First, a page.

• Ease into it enough that you can enjoy it. The purpose of nature study is not to count how many mosquito bites you can get in an hour 😉 The purpose of nature study is to cultivate a love for nature and an interest in it. If conditions outside are making it an unpleasant and unenjoyable experience, don’t force it. Maybe during the hot months you and your child can ease into things by tending a container garden or potted flower that requires only a few minutes outside (thus decreasing your sweat and insect factors!) but still cultivates a love for nature and how things grow. As your child’s (and your) interest and love for nature is nurtured, you’ll probably find yourself spending more time outside because you want to, not because you have to.

      Bottom line: Relax and make adjustments as desired so nature study will be a pleasant experience, something both you and your child can enjoy.

  10. Betty August 10, 2007 at 6:59 am #

    GREAT advice, Sonya! I think when I look at the big picture and see how God has provided some unique nature experiences for our family (raising hens, raising a baby dove, we are planting flowers now as most flowers don’t make it through the summer heat), we are learning and enjoying nature, just in a different way for this season. I need to remember that and enjoy what we study.


  11. Christine August 11, 2007 at 10:57 pm #

    Dear Melissa L.

    Sorry for my incomplete sentence re: “Nature study rings loud and clear…” (comment 9 messages above). I meant that in the new film about Beatrix Potter there is an atmosphere of rich, pleasant surroundings mixed with Beatrix’s love of capturing it.
    However, speaking of rings, this week we have discovered a new little nature study. That is counting the rings on thinly cut pieces of logs. You can do that inside or outside, and the number of rings indicates the age of the tree.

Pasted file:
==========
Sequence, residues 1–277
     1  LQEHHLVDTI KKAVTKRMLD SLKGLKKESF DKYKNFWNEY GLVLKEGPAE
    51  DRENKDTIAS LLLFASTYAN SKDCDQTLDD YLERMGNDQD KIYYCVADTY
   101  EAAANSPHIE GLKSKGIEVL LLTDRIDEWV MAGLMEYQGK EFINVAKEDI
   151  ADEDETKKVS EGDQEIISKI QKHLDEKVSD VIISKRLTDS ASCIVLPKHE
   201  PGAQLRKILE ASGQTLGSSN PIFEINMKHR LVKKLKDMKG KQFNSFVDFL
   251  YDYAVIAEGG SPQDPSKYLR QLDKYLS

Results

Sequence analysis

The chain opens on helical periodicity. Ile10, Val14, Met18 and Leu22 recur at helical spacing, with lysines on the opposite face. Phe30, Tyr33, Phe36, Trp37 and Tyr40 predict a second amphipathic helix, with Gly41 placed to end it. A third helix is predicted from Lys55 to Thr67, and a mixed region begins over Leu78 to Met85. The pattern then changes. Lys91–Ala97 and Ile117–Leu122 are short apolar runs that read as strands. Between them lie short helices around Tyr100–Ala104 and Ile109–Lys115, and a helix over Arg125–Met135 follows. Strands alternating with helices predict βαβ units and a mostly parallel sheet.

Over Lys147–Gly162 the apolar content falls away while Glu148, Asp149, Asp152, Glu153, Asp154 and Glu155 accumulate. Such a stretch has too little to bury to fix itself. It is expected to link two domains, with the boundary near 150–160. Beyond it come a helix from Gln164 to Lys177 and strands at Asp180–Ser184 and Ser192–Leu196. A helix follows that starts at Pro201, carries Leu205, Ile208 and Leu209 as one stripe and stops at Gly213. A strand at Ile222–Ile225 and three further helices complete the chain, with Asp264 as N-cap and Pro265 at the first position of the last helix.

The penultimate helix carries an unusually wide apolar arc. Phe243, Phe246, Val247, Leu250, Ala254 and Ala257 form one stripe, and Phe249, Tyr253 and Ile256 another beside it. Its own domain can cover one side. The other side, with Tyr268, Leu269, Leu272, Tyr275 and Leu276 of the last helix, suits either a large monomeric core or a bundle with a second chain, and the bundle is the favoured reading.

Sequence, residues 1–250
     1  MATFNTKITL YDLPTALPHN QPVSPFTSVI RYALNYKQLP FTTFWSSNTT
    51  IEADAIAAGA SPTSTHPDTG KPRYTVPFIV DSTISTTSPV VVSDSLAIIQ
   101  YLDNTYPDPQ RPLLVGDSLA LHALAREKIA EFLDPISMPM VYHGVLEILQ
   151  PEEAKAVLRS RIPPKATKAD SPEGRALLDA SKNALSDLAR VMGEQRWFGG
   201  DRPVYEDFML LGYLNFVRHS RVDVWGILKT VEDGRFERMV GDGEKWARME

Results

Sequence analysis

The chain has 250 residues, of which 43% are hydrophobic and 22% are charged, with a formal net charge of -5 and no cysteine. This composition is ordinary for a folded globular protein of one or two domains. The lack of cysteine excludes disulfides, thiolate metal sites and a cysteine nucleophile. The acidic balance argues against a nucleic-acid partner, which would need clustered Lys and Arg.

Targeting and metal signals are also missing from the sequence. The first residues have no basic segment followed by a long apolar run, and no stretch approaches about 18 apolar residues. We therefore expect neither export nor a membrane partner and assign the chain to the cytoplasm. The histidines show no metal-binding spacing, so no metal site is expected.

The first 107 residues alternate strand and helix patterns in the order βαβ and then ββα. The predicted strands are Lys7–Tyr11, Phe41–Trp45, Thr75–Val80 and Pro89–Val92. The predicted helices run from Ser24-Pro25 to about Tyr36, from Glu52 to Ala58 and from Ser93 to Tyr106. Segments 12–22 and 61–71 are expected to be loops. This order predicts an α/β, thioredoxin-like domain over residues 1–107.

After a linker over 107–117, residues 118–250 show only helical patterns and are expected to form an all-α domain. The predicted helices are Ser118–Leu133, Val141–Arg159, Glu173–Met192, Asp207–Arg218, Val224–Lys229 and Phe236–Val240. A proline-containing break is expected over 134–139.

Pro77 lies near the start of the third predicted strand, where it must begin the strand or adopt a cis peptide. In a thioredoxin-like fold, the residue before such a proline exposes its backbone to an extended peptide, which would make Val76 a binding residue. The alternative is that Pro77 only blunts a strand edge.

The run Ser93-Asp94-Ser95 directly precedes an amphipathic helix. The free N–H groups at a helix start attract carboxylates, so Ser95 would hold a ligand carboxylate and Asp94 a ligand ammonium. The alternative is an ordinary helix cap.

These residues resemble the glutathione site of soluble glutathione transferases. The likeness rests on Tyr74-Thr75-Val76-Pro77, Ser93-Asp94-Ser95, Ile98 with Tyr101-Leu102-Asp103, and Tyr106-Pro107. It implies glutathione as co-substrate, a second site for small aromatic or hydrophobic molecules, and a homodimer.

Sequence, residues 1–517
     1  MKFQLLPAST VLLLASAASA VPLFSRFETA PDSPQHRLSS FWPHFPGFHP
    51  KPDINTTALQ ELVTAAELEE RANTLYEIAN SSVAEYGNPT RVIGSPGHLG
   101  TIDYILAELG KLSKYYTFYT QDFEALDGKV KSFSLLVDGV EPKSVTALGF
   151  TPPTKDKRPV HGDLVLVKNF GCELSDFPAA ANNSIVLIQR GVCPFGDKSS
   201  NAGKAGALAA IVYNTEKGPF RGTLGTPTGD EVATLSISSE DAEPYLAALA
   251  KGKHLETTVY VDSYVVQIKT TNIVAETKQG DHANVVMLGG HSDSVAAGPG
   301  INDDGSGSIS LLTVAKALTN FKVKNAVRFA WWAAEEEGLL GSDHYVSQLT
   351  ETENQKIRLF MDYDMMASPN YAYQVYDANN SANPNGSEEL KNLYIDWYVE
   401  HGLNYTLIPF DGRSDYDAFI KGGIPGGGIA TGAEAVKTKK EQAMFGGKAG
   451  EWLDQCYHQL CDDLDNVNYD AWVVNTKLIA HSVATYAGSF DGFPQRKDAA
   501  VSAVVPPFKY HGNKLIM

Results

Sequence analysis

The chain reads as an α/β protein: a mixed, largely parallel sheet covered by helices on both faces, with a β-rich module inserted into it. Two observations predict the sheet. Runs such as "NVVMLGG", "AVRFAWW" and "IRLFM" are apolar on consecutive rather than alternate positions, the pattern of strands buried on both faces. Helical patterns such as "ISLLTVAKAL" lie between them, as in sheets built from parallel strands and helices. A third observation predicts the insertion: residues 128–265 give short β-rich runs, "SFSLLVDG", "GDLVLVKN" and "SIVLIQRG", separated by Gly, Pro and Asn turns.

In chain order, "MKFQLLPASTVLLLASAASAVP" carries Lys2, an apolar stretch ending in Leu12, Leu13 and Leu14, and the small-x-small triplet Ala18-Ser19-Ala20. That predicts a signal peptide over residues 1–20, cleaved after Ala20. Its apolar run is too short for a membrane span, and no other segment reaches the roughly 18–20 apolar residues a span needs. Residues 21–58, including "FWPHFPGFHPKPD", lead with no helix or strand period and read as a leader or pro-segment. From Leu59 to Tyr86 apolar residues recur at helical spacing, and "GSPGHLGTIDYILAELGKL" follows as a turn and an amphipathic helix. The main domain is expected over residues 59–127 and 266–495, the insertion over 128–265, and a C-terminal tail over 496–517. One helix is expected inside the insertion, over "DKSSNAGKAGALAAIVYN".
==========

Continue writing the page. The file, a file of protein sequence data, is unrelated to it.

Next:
12. Lacey August 14, 2007 at 2:08 pm #

    I am a new CMer and have fallen in love with the idea of Nature Study. We often go for walks and just soak in our surroundings, but the idea of taking notice of things has really helped me with my little ones. I have a 5 and 3 year old. A few weeks ago we walked all through our neighborhood and collected leaves from different trees. We talked about how each tree looks different and even blooms differerent “flowers”. Which brought us to the fact that even pine trees have flowers.

    We had a lot of fun bringing the leaves home and finding the names of the trees that they matched.
    I love all of your ideas. I have never thought about the clouds, and watching the bugs. I know my girls will enjoy that.

  13. Barbara August 19, 2007 at 8:49 pm #

    I can relate as we live in AL where the temperatures have been over 100 degrees for 2 weeks in a row now with no rain for months. We are in a terrible drought here and no one wants to go outside (especially me!) at all. But there are still ways to experience nature…

    We have a hummingbird feeder in front of our living room window and love watching the little birds chasing each other around to protect “their” feeder. Our little one calls them “hungry birds” as she can’t quite say “hummingbirds”.

    We also have a bird bath and bird feeder outside this same window and we enjoy watching the birds come to feed and bathe. We have enjoyed watching the smaller birds as they seem to “feed” the other birds by throwing seed on the ground for the ground feeders. We don’t have a great variety of birds but we all get excited and have to look up any new bird that comes along.

    Doug had some great ideas for exploring the beach. I’m not sure how far away you are from it but one place we enjoyed while down there was John Lloyd State Park on the beach in Ft. Lauderdale. No condos and the most beautiful Austrailian Pines with their wonderful sound when the wind blows through them and their unusual “needles” that are jointed which affects their sound. I have a friend in the keys who is taking her children out to explore the beach as often as possible while studying Jeannie Fulbright’s Exploring Creation with Zoology, Swimiming Creatures of the Fifth day.

    We will be using Jeannie’s Exploring Creation with Botany and one of our first projects is to make a light box out of a cardboard box to grow plants in. With the project on dissecting flowers you can use lilies from the grocery store.

    There are many ways to enjoy nature. Hope some of these ideas help!